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Elizabeth Cooney is a health reporter for the Worcester Telegram & Gazette.
Boston Globe Health and Science staff:
Karen Weintraub, Deputy Health and Science Editor, and Gideon Gil, Health and Science Editor.
Short White Coat blogger Ishani Ganguli
Short White Coat blogger Jennifer Srygley
Wednesday, May 16, 2007
Polls are open at the New England Journal of Medicine
Tomorrow’s New England Journal of Medicine is taking a vote.
For the first time, physicians will be asked to weigh in on what they would do for a patient, based on research papers published in the current issue and what they read about a fictitious case. Their choices will be tallied online for four weeks and their comments posted in an experiment to better connect with readers, editor-in-chief Dr. Jeffrey M. Drazen (left) said in an interview.
"We dreamed it up to engage more with our audience," he said. "We’ve been in broadcast mode and now we’ll be in receiving mode."
The answers to the poll may shed light on therapeutic decisions that physicians make every day, Dr. Richard Schwartzstein, associate chief of pulmonology and critical care medicine at Beth Israel Deaconess Medical Center, said in an interview. He was not involved in creation of the interactive poll or the studies on which this week's case is based.
"I think it’s a very intriguing idea," he said. "We know that the delay between the publication of key articles or guidelines and the actual implementation of the recommendations around the country is quite long, sometime years."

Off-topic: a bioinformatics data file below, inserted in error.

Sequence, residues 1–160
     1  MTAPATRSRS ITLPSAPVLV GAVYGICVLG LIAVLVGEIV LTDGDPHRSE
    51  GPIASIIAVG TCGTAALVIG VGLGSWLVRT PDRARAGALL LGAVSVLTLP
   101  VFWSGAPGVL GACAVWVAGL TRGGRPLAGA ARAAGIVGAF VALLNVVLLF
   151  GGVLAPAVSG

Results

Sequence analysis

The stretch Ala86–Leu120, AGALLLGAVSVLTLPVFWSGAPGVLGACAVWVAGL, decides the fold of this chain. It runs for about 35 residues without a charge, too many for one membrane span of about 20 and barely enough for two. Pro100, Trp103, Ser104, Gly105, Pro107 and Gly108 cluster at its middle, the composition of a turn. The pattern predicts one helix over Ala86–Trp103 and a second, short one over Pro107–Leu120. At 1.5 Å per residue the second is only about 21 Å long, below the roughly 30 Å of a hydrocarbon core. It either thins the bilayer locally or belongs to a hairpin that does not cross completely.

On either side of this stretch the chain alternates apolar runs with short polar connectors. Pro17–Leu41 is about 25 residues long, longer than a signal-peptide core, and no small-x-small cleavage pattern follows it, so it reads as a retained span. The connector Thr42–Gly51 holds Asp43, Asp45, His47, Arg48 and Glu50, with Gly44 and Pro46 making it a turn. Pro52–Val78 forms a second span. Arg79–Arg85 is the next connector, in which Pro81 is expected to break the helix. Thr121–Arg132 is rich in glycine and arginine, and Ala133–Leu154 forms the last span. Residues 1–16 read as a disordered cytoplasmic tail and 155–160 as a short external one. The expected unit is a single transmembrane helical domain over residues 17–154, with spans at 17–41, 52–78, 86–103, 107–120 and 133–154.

One example is the wide variation in how recommendations to prescribe aspirin after people have heart attacks are applied, Schwartzstein said.
"People have always speculated whether that’s because the publications don’t get out into the community as rapidly as you might think or whether there is skepticism on the part of many doctors for the recommendations and data upon which they are based," he said. "Or they just don’t think it applies to their patients."
The articles that prompted the exercise have clear clinical implications for the treatment of mild asthma, Drazen said. He expects there to be three or four other occasions in the coming year when the journal will open up a forum to sample what decisions might be made at the bedside or in the doctor’s office.
Clinical trials reported in scientific journals get practitioners thinking about important issues, but they don’t always relate directly to the real world, he said. Articles are more likely to give a general level of direction as opposed to specific guidance.
Poll results from clinicians may add another piece of information about how clinical decisions are made.
"We hope to learn from them as well as having them learn from us," Drazen said.